It may not be as utterly ruthless as the competition’s group of death, but Group C is another tricky one, with several permutations that would surprise, but not necessarily shock. It’s also similar in terms being packed with an abundance of goalkeeping talent. Here’s the run through:
Whilst they’re littered with famous names further up the pitch, Croatia lack a goalkeeper of international renown.
There is no doubt however about Slaven Bilic’s first choice however and that honour goes to Stipe Pletikosa (33). The vastly experienced custodian will most likely reach the 100 cap mark in the next 12 months and he has been the pick since the 2006 World Cup. His reflexes, agility and speed are all strong points. Early on in his career, he was considered vulnerable under the high ball. He has improved this area of his game, but doesn’t command the aerial battles with the confidence you’d expect of a 6′ 4″ keeper.
Another issue could be his tendency to parry rather than catch. It’s not a fatal flaw – especially since he has the happy knack of directing his saves away from danger – but you’d rather a keeper who catches the ball and takes command when the option is available. His club career has largely been one of almost breaking into Europe’s elite, but falling short. He had a loan spell at Tottenham but didn’t feature in the league. He was close to a move to Celtic, but it fell through and now he’s playing for Rostov in the Russian Premier League.
All of Croatia will be praying for Pletikosa’s good health, but that’s more down to the inexperience behind him than a lack of ability. Danijel Subašić is the second choice and he’s a talented young goalkeeper. His strong suits are agility, reflexes and bravery in one on one situations. Other than minimal international experience, there’s little else that would overly concern you. Plus he takes a mean free kick, going very Rogerio Ceni for Monaco earlier this season. He won’t get dibs on one for the international team, but it’s nice trick to have in your locker.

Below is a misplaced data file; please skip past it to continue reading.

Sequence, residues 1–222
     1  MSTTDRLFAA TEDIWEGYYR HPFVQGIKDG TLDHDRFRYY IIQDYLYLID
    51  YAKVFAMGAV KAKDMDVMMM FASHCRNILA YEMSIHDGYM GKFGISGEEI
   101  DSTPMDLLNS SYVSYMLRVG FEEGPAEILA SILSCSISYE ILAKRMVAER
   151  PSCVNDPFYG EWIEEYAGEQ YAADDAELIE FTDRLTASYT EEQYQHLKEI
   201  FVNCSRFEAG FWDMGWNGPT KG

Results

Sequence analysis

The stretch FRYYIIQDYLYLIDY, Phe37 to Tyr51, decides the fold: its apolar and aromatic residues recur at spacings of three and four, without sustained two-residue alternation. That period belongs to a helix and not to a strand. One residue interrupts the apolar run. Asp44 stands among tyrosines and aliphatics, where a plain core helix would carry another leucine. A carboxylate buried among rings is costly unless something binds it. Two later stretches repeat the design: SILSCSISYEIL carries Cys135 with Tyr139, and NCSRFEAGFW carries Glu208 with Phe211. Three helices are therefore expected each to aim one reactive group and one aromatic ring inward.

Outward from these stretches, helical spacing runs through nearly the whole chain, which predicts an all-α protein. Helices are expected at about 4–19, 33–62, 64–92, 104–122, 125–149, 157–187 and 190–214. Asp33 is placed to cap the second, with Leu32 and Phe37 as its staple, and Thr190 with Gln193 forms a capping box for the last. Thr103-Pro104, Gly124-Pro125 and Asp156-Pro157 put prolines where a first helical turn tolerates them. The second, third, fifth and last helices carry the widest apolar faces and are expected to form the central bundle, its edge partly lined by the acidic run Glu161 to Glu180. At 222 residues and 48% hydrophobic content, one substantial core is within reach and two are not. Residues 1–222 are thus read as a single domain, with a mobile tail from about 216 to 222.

Ivan Kelava is the ‘one for the future’ of the three. The 24-year-old has yet to make his senior international debut and despite being very talented and capable, many will be hoping he’s not called into duty over the next couple of weeks.
Shay Given’s injury problems has dominated Ireland’s build-up to Euro 2012. At 36, age does seem to be catching up with him a bit, but equally I think these problems can be traced back to that season he spent on the bench behind Joe Hart. Later on in a career, a goalkeeper’s body gets used to taking a certain amongst of abuse. When that stops for a while, it’s hard to restart it and I think that explains the variety and frequency of Shay’s niggles. He’s still a quality keeper however and his lack of aerial presence is compensated for by the fact his defenders know they have to deal with vast majority of the crosses themselves. Some see it as a weakness, but having played with Richard Dunne for so long, I think it’s a strength and there have been relatively few mix-ups down through the years.
Keiren Westwood is the man who will step in should Given’s injuries flare up at the tournament. He’s agile and got great reflexes, they only issue is a lack of experience at the highest level. He’s slowly but surely building that up at Sunderland.
David Forde of Millwall is the third choice option. He’s been a regular in Trapattoni squads for the last twelve months and if called upon, shouldn’t have too many problems. He has been known to make the odd poor decision during this club career, but he’s far from a calamity keeper and will no doubt add to his haul of two caps in the future.